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photo of medical nurse handing a patient suboxone pills

Suboxone addiction began to be seen shortly after Suboxone was widely prescribed to treat opiate addiction back in the 1970’s. Buprenorphine is a semi-synthetic and long-acting opioid that has been used for pain control and for anesthetic purposes since 1981. It was first only available as an injectable solution, but has since become available in various formulations, such as:

Buprenex – Injectable buprenorphine
Butrans – A transdermanl patch
Subutex – Buprenorhpine tablets or films for sublingual use
Suboxone and Subsolv – Buprenorphine and naloxone for sublingual use

Buprenex is approved for the treatment of pain and for anesthesia; whereas, Suboxone and Subutex are approved for the treatment of opiate addiction, both for detox and opioid maintenance therapy (OMT). The Butrans patch is approved for the treatment of chronic pain and only needs to be changed every 7 days. Since the patch delivers a continuous dose of medication, patients can control their pain without the normal highs and lows in the blood concentrations of the immediate release opioids. The highest dose Butrans patch releases 20 mcg of buprenorphine per hour. Because 7 days-worth of the medication is contained in one patch, correct usage of the patch is essential for safety. Cutting, heating, chewing or smoking the Butrans patch is a sign of a prescription pain medication addiction.

Buprenorphine binds to the opiate receptors with a great affinity (attraction) than other opiates and will displace most other opiates from the receptor. This may place an opiate-dependent patient into withdrawal if buprenorphine is used before the other opiates are out of the system. Buprenorphine has a ceiling effect, so that using more of the drug won’t cause more effects. Thus, it is less abusable than other opiates. It can, however, still be abused. In fact, per SAMHSA, there were nearly 15,000 emergency room visits in 2010 that were attributed to the nonmedical use of buprenorphine.

Buprenorphine, like other opiates, is more dangerous when combined with benzodiazepines or alcohol. The use of sedatives along with an opiate, such as buprenorphine, is cause for concern because it increases the risk of respiratory and cardiac problems and can lead to an overdose situation. Suboxone abuse and addiction isn’t just a stand-alone addiction disorder. It can be seen in those who abuse Suboxone when other opiates aren’t available. Instead of properly using Suboxone for a opiate maintenance program, some addicts will use it only to prevent withdrawal symptoms when they have ran out of their opiate of choice, such as heroin or Oxys.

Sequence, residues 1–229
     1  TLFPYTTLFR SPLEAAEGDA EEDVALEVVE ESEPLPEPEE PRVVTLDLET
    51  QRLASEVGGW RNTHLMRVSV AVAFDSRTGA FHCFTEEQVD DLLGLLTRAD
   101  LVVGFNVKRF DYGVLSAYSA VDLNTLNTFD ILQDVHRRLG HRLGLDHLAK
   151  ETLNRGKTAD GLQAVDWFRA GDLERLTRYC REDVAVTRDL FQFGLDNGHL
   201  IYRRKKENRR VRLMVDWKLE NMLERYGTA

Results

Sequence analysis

Because buprenorphine is used in the long-term treatment of opiate addiction, it is not considered by some addicts to be as harmful. This is far from the truth. The especially harmful part of being addicted to Suboxone is that it typically is seen in those who are replacing other drugs and swing back-and-forth between using Suboxone and other, more dangerous opiates.

Suboxone addiction is becoming more prevalent as its supply on the streets increasing steadily. Once addicted to Suboxone, or when it has abused, it is unlikely to be recommended again for an opiate maintenance program. As such, it is prudent to locate an inpatient or residential drug detox program to begin treatment. After the Suboxone detox is complete, entering an inpatient or residential drug rehab can lead to favorable long-term outcomes. This is especially true, since Suboxone maintenance is unlikely to be an appropriate treatment for those who have abused it or have been addicted to buprenorphine.

Prescription pain pill addiction is a serious and increasing threat to the U.S. population. In fact, it is a national health crisis. If you or a loved one is struggling with addiction to Suboxone, buprenorphine, or other pain pills, the staff at BWR can answer your questions and help you locate an inpatient drug detox and a quality drug and alcohol rehab to facilitate your recovery efforts.


Behavioral Wellness & Recovery is a Joint Commission accredited program. The Joint Commission recognizes excellence in health care organizations and programs.


Behavioral Wellness & Recovery is a Joint Commission accredited program. The Joint Commission recognizes excellence in health care organizations and programs.


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